Roaring Fork teachers divide, conquer to lend voice, keep schools running
Sopris Elementary School teachers Kat Warder and Talitha Basom have each others’ backs today, as thousands of teachers are expected to rally in Denver for better teacher pay and education funding.
While Warder will be at the state Capitol lending her voice to the statewide cause, Basom will be at the Glenwood school as usual this morning gathering up her students for a field trip to the Science Museum in Grand Junction.
About 100 teachers, Roaring Fork Schools administrators, members of the public and students turned out for a local rally Thursday evening outside the district offices in Glenwood Springs. The event was organized as a precursor to the big demonstration in Denver today.
Some Front Range school districts chose to cancel school today in anticipation of a mass teacher walk-out to attend the rally.
Locally, however, Roaring Fork Schools opted to allow a delegation of four teachers from each district school in Glenwood Springs, Carbondale and Basalt to head to Denver, while others were asked to stay behind and teach so that students would not have to miss a day of learning.
“I’ve been teaching for 16 years, and I wish Colorado would pay like Texas does,” said Basom, a third-grade teacher who got her start in her home state of Texas but wants to stay in Colorado.
“I’m single, and I rent, but I would like to own my own home here someday and have a family,” Basom said during a rally outside the Roaring Fork School District Offices Thursday evening.
Warder will be one of the Sopris Elementary representatives at the state rally.
“I’m going there for them,” she said, holding up a collage of student pictures from her school.
“We need more funding, and we need to be able to retain our teachers, because the turnover only hurts them,” Warder said.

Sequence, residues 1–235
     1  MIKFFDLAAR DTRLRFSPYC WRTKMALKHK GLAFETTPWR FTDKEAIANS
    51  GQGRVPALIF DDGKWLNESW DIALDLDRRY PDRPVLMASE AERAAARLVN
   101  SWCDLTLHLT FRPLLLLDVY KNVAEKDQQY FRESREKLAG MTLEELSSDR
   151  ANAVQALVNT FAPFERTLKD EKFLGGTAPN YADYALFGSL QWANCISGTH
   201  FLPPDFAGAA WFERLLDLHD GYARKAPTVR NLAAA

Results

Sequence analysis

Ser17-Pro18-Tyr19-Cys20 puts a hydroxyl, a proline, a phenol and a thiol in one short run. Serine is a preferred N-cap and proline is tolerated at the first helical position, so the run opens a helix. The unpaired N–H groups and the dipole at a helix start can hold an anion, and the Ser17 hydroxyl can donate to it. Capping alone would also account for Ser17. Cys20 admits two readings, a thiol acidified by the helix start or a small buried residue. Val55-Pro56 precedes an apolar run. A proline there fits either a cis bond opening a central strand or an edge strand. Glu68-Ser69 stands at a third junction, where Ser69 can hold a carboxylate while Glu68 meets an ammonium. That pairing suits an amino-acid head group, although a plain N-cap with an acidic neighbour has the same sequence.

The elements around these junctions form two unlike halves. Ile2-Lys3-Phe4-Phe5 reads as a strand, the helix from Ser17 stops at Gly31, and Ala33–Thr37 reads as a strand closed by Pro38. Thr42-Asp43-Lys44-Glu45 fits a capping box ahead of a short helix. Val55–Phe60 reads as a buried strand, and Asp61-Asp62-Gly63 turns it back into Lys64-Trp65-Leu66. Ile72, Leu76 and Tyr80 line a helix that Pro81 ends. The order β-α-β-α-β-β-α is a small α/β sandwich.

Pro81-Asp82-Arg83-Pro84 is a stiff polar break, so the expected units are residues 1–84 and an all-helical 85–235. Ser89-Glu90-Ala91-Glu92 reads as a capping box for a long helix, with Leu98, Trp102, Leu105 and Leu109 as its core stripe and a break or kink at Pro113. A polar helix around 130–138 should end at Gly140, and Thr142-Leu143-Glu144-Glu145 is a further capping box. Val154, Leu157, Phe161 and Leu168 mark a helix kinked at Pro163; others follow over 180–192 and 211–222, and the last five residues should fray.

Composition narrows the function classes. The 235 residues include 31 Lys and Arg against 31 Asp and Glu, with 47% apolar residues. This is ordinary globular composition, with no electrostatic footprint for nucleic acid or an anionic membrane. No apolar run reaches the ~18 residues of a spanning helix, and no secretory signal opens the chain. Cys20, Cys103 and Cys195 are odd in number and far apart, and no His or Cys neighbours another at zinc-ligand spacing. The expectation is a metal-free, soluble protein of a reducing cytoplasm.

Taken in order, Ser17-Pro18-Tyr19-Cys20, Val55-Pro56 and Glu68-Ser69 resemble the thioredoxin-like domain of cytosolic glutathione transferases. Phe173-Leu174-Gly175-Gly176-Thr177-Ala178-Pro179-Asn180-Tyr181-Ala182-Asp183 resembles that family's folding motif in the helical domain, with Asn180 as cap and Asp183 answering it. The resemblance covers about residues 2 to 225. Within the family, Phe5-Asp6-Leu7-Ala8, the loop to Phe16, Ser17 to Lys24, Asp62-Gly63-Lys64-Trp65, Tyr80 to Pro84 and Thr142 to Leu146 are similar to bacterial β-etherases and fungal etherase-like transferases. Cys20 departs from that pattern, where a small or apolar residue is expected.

Likewise for Glenwood Springs High School teachers Greg Sustad and Brent Wamsley. Sustad is part of their school’s delegation that’s headed to Denver, and Wamsley will stay back home to teach.
“Obviously, I value the action that’s being taken,” Wamsley said. “Just the idea that we’re among the last in spending for education, yet our growth is toward the top of the country speaks for itself.
“What’s forgotten is the importance of that money that goes to education,” he said. “As teachers, we try to help every student the best that we can while they’re with us, and where else do you get that?”
With a $1.2 billion surplus in available state funds this year, Sustad said a good portion of that needs to go to education.
“It’s hard to make a living wage in this valley, so I’m here tonight and I’m going to Denver tomorrow in support of raising teacher salaries and increasing funding for education,” he said.
Based on the revised data from the National Education Association just this week, Colorado’s ranking among the 50 states in terms of per pupil funding is actually 31st, and not 46th, as previously reported, according to teacher Rhonda Tatham, who is president of the Roaring Fork Community Education Association.
The average Colorado teacher salary is $51,808, placing the state below the national average by 15.2 percent, she said in a prepared statement sent out before Thursday’s Glenwood rally.
“More significantly, teacher salaries in Colorado have actually lost ground in the last decade and have decreased by 6.7 percent since the 2008-09 school year,” she said. “Whether its ranking 31st or 46th, the reality is that teachers cannot live off the pay they’re getting. That’s why you are seeing teachers with two, even three jobs just to make ends meet.”
To fill the classroom gap today, even Roaring Fork Schools Superintendent Rob Stein will be picking up a social studies teaching assignment at Glenwood Springs High School for the day.
“We should celebrate that we’ve done this in a non-divisive way,” Stein said in addressing those at the rally. “The concern is that this is a crisis, in that we have teachers who can’t afford to live, not just in the communities where they work, but even close enough to where they work so that it makes sense.”
Roaring Fork school board member Matt Hamilton attended a smaller rally in Denver Thursday morning, and said he supports the teachers and other education workers who will be at the state Capitol today.
“When you look at Colorado, we have a highly educated workforce,” he said. “But when you look at who those people are, we’re bringing people in from the outside, and we’re not doing enough to educate our own kids.”
Carbondale Middle School student Quinn Wells also attended the Thursday rally with her two teacher parents.
“I just think that education is really important, because there are a lot of kids around the world my age who don’t even get to go to school,” Wells said.
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Current owners, struggling with declining breakfast customers and staffing, hope to sell the iconic restaurant near the entrance to Carbondale.